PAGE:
Bagwell was brought up immediately and won the Rookie of the Year Award, and then an MVP a few years later, and played 15 years--a short career derailed due to a bad back and shoulder--for Houston. He and Biggio made Houston legit for a few years, really put them on the map. They've been mostly legit since, with a few hiccup years in there. The bottom line about Bagwell--and you should see his stats here--is that he played the vast percentage of his team's games over the years, hitting more homers and drawing more walks than any 1st baseman, consistently, in the National League. His on-base %, RBIs, walks and his homerun totals are amongst the best ever, and baseball-reference.com's JAWS shows him to be the 6th best 1st baseman ever, after the likes of Gehrig, Foxx, Pujols and Cap Anson (and Roger Conor, and look at that guy's stats, please, because I know you've never heard of him), and higher than Miguel Cabrera (after 14 years) and Frank Thomas--which is damn impressive. If you're younger, you may not have ever heard of Bagwell because he played in Houston and because he was very, very quiet and shy to the media. Had he been a Yankee or Red Sox, he'd be a household name today. There is the steroid taint on him, of course, and he did balloon from a stick to King Kong, but don't get me started about how HOF writers shouldn't moralize, because I can show you that probably 85% or more of the best players of his era used. I don't condone it, of course, and it is extremely unhealthy for you...His election, and Piazza's, means that the writers are officially ready to open the door for players of this era who probably used. Bagwell was never accused officially, nor officially caught, using steroids, ever. Those whispers means he made it to the HOF on his 7th try when he should've made it on his first. JAWS says he was a better player in his career than Miguel Cabrera is now. Think about that for a second. He was the best quiet player I ever saw. If he and Biggio, who had over 3,000 hits and got on base almost as frequently, had had any quality players in the lineup with them at all consistently over the years, the Astros would've been a playoff powerhouse. Alas, not the case, and they rarely had the pitching as well. I've been making the Bagwell for the HOF case for a few years, as you know if you've read this blog, so I'm glad he's in.
Ivan Rodriguez--Pudge--also had the steroid whispers follow him around, mostly because of his remarkable durability at the toughest baseball position. People my age remember him as the only guy we've ever seen who crouched behind the plate with his right leg stretched out all the way, his left knee on the ground. From this truly unique position--without moving from it--he could throw out runners trying to steal second with a career-long consistency over 46%. Most years he was over 50% and 60%. For those of you who don't know, today 35% is fair and 40% is good. Most years he was between 50% to 60%. He won 13 Gold Gloves as a catcher, including 10 straight. Take that defense--by far the best all-time at that position--and throw in almost 3,000 hits. He finished with over 2,800 hits, but would have had well over 3,000 had he played any other position. He was so good defensively that he was maybe the best hitting catcher never moved away from the position, because you would waste all that ability putting him anywhere else, including DH. Even Yogi Berra played a ton of games in left field, and Piazza played some at first. In 21 years, Rodriguez played just 57 games at DH and just 8 at 1st base. He played 2,427 games behind the plate, the most ever. That, from a guy who had almost 3,000 hits, is remarkable. Rodriguez always--and I mean every day--played the game with a huge Cheshire Cat smile, and a lot of happiness and energy. He never complained about anything--as well he shouldn't, also having made more than $122,000,000 for his career, or over $156M with inflation since his retirement. You should see his stats here, and you can see the money at the end of the page. All stats and dollar figures for this entry via baseball-reference.com. That website has him as the #3 catcher of all-time, behind Bench and Carter. We remember him from the Texas Rangers, of course, but in his spare time in 2003 he helped the Marlins win the World Series, which I actually remember. He had the NLCS of his life that year, and won its MVP, mostly with his bat.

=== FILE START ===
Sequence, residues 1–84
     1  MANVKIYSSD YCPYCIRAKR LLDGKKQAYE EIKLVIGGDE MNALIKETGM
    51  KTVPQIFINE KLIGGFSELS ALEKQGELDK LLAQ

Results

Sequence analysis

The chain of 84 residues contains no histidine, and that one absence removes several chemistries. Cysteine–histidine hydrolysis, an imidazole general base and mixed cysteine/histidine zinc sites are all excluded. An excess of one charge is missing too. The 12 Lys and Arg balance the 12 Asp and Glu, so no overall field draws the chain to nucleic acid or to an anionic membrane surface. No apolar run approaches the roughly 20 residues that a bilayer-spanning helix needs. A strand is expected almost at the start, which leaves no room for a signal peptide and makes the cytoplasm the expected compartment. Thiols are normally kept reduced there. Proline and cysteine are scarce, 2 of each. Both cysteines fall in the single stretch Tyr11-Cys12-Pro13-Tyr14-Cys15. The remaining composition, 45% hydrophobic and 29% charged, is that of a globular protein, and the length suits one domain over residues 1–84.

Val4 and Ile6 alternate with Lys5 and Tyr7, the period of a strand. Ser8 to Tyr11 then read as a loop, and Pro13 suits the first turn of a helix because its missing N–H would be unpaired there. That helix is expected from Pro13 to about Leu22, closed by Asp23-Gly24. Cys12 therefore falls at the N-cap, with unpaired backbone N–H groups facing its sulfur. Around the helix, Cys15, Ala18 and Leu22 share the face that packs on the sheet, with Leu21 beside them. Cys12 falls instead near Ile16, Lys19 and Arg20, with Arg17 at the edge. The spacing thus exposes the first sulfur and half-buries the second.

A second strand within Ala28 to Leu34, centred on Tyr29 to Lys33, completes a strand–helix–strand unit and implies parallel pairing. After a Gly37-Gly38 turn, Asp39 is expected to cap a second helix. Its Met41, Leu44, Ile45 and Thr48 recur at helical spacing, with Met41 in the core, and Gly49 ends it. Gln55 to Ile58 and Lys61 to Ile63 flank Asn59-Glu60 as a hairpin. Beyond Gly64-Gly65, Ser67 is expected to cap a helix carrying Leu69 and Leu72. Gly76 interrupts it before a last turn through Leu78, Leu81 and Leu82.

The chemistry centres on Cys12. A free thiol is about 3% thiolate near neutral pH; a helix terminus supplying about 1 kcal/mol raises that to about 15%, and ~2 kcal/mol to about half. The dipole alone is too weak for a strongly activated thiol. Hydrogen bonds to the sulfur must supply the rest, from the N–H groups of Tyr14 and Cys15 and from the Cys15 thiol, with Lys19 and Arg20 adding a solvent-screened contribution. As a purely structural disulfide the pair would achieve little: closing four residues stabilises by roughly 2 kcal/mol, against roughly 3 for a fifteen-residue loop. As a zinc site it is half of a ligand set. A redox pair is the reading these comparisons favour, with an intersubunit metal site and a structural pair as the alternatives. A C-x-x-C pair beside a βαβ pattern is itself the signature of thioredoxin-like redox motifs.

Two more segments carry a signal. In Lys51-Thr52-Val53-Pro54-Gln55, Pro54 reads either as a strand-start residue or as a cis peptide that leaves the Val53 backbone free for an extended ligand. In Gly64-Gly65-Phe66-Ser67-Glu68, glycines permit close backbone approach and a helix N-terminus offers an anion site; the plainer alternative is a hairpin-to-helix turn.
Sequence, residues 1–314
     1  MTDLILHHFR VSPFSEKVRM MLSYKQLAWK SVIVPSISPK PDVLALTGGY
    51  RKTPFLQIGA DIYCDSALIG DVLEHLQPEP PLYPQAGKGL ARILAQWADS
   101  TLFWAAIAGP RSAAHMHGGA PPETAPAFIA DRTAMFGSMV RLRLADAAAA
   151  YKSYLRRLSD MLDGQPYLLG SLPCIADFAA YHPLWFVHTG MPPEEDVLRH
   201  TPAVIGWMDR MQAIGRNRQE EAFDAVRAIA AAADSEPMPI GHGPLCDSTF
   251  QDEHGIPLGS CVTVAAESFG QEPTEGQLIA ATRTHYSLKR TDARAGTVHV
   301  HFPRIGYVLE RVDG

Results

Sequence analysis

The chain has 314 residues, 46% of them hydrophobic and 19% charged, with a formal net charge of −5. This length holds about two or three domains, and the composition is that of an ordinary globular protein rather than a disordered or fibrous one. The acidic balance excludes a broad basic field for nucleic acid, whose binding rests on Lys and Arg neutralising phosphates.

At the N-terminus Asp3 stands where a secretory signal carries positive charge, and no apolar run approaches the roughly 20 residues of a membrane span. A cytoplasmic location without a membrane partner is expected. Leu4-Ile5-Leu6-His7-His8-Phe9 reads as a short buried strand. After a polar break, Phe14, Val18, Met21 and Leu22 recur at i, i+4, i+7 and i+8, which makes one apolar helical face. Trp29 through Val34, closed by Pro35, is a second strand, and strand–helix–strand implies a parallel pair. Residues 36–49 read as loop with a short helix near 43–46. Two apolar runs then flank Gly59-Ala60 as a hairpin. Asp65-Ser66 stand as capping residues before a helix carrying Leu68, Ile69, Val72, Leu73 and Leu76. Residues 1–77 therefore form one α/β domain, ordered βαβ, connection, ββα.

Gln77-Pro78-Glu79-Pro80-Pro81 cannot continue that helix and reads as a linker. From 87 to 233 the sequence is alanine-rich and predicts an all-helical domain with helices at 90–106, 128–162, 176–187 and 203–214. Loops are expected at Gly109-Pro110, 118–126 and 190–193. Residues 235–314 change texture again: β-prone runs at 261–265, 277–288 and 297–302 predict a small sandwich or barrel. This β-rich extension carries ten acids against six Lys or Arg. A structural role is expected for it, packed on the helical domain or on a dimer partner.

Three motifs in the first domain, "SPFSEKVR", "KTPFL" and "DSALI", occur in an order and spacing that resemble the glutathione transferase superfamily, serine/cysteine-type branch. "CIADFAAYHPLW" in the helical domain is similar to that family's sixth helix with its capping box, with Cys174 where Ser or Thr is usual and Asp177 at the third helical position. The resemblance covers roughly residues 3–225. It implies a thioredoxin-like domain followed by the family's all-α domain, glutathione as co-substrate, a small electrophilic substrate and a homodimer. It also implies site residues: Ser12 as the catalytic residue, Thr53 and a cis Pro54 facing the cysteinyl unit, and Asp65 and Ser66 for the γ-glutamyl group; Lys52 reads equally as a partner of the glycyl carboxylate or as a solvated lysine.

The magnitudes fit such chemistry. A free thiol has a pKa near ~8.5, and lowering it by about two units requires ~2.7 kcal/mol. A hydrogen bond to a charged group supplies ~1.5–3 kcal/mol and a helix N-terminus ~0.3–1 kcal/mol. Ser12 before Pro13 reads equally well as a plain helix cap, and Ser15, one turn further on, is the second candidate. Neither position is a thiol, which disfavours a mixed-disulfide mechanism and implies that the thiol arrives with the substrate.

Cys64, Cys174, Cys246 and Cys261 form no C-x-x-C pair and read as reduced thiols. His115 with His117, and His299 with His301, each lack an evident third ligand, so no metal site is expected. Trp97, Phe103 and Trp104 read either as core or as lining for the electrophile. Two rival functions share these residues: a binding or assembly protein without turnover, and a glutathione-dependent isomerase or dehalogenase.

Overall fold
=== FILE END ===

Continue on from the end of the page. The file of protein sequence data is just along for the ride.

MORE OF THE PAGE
Both guys were quiet, though Pudge's defense made him look flashy. I watched the careers of both guys, who both started in 1991, and I'm happy as hell to see them in the Hall, especially Pudge.
By the way, Pudge #1 was Carlton Fisk. You knew that, right?